The Elk Valley is experiencing a below-average snowpack and this potentially does not bode well for Fernie. Last spring we had an above-average snowpack and we experienced one of BC’s worse fire-hazard seasons ever. I’ll take the early spring and hope for consistent rain throughout the summer months!
Nothing could be worse for Fernie that the devastating fire of 1904 that enveloped most of the City.
Fire danger ratings are not calculated this early however one has to be aware that a warning on spring burning will be forthcoming. Every fire season a majority of our wildfires are human caused, hopefully this year will be different.
“As the snow melts, it does not take long for grass to dry out and become flammable, especially in windy conditions,” says the the Ministry of Forests, Lands and Natural Resource Operations.
The BC Wildfire Service advises anyone wishing to light an open fire must watch for changing weather, follow all burning regulations to reduce the number of preventable wildfires, and take the following precautions:
– Ensure that enough people, water and tools are on hand to control the fire and prevent it from escaping.
– Do not burn during windy conditions. Weather conditions can change quickly and the wind may carry embers to other combustible material and start new fires.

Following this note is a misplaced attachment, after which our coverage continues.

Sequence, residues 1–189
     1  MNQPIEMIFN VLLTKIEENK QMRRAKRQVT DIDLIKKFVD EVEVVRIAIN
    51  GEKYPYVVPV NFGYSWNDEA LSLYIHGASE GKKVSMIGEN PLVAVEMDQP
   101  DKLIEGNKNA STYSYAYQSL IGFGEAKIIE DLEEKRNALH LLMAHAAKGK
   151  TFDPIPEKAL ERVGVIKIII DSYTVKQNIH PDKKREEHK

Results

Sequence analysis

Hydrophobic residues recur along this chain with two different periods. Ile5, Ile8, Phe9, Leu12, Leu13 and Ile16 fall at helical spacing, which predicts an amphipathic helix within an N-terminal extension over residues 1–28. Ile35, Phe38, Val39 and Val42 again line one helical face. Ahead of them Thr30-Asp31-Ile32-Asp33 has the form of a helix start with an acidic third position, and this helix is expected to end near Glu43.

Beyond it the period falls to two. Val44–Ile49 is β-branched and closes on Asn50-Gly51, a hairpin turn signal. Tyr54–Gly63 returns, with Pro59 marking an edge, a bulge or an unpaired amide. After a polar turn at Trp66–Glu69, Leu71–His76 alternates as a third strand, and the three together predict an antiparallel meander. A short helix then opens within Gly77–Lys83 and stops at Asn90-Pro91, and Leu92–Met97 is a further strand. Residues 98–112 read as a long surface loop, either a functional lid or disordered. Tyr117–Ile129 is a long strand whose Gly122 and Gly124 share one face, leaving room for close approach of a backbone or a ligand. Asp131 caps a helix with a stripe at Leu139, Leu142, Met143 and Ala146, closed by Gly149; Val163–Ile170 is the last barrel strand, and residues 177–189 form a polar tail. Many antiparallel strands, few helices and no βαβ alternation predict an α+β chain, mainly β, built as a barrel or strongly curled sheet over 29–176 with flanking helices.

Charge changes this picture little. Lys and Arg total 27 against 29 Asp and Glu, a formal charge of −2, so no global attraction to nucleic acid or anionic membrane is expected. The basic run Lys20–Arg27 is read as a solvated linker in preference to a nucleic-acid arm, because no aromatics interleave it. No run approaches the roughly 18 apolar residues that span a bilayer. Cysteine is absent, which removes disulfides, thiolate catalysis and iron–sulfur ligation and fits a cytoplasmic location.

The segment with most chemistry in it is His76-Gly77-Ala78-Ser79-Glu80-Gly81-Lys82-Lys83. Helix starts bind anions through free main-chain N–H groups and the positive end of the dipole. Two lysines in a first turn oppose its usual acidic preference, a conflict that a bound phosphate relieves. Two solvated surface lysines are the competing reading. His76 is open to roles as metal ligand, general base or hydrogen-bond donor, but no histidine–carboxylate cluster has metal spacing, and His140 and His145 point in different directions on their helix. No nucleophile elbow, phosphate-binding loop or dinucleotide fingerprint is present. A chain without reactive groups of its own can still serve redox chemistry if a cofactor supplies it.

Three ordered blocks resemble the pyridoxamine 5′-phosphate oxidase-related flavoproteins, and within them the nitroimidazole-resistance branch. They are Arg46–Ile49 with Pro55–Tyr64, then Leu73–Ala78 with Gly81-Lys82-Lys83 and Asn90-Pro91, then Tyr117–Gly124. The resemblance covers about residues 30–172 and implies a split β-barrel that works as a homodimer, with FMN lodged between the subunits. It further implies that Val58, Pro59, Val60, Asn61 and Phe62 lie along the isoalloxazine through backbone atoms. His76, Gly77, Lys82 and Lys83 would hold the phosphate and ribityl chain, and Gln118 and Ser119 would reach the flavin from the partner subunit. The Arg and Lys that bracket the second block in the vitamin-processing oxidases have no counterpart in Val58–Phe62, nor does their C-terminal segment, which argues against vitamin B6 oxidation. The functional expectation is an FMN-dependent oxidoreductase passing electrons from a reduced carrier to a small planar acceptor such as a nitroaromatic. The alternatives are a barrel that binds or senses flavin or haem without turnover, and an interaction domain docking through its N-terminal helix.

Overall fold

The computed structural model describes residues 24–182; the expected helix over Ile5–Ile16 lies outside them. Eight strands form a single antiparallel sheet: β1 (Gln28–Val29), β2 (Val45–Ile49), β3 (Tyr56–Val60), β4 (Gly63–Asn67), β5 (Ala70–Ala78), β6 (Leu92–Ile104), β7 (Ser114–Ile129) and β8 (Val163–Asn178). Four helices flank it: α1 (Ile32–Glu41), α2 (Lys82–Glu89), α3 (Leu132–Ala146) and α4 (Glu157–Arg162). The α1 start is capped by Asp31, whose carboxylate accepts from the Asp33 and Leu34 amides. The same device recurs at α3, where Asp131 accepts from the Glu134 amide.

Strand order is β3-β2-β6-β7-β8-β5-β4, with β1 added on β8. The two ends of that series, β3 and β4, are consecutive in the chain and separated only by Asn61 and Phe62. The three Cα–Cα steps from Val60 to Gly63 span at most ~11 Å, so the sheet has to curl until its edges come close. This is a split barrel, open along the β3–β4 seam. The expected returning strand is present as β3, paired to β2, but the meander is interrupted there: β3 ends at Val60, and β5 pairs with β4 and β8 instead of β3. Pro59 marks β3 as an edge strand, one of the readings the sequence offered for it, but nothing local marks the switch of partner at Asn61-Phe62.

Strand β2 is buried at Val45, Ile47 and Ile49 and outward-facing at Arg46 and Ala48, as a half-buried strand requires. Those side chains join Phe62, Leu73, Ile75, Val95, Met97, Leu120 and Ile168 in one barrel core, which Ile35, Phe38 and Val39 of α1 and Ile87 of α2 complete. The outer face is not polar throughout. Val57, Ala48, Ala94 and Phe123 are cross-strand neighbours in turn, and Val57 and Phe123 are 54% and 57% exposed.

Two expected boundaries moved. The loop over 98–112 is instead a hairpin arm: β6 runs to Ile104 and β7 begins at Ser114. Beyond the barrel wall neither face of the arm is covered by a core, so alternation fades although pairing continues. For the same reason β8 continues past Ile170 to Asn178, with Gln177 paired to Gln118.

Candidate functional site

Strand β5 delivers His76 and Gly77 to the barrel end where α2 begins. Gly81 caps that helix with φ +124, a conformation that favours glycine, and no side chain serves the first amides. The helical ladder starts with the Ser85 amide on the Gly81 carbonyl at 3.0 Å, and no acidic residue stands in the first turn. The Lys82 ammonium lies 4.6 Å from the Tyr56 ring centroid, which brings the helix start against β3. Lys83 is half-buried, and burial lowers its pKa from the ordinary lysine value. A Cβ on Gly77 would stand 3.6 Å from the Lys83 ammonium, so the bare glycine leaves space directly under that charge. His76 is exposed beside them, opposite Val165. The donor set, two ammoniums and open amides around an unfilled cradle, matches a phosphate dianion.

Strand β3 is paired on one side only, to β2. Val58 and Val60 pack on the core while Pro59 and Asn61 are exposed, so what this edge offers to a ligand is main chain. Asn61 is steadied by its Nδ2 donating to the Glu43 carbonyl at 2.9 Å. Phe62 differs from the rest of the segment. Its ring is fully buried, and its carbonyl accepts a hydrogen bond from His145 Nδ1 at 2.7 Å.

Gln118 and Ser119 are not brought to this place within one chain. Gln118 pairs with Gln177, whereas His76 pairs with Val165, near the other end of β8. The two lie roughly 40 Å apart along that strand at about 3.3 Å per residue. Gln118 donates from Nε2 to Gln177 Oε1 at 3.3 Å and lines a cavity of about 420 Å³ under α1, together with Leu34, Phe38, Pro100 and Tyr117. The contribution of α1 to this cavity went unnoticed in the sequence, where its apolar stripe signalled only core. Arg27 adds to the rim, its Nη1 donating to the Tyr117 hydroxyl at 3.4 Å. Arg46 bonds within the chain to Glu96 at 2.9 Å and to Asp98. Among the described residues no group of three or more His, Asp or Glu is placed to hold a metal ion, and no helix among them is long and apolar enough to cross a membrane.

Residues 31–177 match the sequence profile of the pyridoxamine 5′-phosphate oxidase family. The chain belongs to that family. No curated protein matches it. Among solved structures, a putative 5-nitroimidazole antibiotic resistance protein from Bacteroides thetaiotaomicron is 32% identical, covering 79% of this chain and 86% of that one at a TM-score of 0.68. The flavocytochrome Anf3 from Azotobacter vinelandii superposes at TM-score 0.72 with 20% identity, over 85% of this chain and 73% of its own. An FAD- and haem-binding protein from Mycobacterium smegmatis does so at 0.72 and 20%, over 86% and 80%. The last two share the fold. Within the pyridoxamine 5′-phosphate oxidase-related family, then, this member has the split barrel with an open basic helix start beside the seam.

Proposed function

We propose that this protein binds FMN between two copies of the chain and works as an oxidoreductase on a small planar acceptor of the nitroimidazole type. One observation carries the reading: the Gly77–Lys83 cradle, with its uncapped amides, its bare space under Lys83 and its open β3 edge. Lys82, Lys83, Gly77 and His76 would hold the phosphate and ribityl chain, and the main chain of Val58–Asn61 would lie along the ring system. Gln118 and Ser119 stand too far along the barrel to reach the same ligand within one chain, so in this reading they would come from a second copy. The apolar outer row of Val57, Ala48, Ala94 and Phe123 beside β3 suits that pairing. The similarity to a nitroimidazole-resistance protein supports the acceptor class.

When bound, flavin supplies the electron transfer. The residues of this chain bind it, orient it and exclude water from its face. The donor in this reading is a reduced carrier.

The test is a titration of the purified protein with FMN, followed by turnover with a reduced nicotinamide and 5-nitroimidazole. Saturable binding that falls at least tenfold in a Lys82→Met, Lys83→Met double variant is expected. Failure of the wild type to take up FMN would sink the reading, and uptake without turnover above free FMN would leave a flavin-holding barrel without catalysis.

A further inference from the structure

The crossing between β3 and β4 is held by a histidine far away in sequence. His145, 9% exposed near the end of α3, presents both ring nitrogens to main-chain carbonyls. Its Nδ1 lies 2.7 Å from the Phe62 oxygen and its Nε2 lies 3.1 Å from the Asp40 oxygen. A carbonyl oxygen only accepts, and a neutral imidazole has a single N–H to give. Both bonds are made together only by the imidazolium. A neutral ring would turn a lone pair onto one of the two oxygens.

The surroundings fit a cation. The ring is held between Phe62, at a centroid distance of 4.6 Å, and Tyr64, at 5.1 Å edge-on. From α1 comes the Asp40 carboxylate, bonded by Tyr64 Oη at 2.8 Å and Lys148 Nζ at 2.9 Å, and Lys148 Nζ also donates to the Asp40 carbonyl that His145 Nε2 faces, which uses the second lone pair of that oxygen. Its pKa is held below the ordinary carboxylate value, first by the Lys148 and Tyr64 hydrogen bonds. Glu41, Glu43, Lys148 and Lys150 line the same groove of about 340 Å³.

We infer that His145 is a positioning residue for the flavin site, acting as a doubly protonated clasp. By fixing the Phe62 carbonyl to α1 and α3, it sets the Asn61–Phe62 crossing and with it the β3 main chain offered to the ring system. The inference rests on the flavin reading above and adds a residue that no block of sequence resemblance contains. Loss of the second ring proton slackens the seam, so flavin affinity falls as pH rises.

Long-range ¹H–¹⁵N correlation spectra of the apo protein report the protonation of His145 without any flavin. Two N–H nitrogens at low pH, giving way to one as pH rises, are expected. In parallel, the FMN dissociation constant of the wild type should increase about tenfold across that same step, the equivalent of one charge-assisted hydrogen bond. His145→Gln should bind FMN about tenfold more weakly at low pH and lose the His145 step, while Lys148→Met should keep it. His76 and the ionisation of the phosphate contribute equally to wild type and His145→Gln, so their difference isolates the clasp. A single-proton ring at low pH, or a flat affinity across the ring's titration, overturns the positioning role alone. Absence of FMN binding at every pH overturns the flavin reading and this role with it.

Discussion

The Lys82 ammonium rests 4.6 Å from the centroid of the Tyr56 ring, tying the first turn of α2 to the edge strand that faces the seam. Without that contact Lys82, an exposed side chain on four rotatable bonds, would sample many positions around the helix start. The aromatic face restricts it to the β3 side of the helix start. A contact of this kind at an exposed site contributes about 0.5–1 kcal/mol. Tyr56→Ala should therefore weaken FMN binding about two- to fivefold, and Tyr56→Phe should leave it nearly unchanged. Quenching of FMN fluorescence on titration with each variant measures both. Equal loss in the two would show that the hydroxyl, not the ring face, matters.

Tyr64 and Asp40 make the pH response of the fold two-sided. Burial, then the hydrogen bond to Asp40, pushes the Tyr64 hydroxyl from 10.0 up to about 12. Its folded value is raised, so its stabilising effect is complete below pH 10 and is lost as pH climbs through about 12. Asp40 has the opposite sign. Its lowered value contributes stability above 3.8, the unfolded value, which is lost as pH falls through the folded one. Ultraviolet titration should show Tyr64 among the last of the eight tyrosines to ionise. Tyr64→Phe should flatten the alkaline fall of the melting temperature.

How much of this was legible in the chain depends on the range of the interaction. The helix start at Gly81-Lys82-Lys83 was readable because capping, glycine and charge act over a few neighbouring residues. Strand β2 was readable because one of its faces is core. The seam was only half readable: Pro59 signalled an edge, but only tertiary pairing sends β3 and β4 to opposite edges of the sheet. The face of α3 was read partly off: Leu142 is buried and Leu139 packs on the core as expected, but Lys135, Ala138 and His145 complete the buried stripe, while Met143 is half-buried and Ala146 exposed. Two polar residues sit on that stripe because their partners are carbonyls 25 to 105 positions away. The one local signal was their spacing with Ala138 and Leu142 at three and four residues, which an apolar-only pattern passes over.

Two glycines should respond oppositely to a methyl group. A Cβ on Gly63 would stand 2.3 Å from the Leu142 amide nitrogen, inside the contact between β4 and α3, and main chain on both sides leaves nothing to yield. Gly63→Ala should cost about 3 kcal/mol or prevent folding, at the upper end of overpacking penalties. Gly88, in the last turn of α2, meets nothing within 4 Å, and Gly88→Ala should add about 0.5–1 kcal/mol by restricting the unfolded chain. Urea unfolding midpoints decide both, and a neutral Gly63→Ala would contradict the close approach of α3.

– Create a fireguard at least one metre around the planned fire site by clearing away twigs, grass, leaves and other combustible material.
– If you are planning a large burn, consider conducting smaller burns around the perimeter beforehand to create a fuel break and help prevent the fire from spreading beyond its intended size. Each of these fires should be kept small and must be completely extinguished before starting a new fire.
– Never leave a fire unattended.
– Make sure that your fire is completely extinguished and the ashes are cold to the touch before you leave the area for any length of time.
Before conducting a burn, check with your local fire department, municipality and regional district to find out if any open burning restrictions or bylaws are in effect.
If you are planning to do any large-scale industrial burning or conduct a grass burn larger than 0.2 hectares (Category 3 fires), you must obtain a burn registration number ahead of time by calling 1 888 797-1717.
Be advised that, if your fire escapes, you may be liable for fire suppression costs and damages. It is the responsibility of the individual to ensure that they are burning in a safe, responsible manner that is in accordance with current restrictions.
Up-to-date information on burning restrictions and current wildfire activity can be obtained by calling 1 888 3-FOREST or online at: www.bcwildfire.ca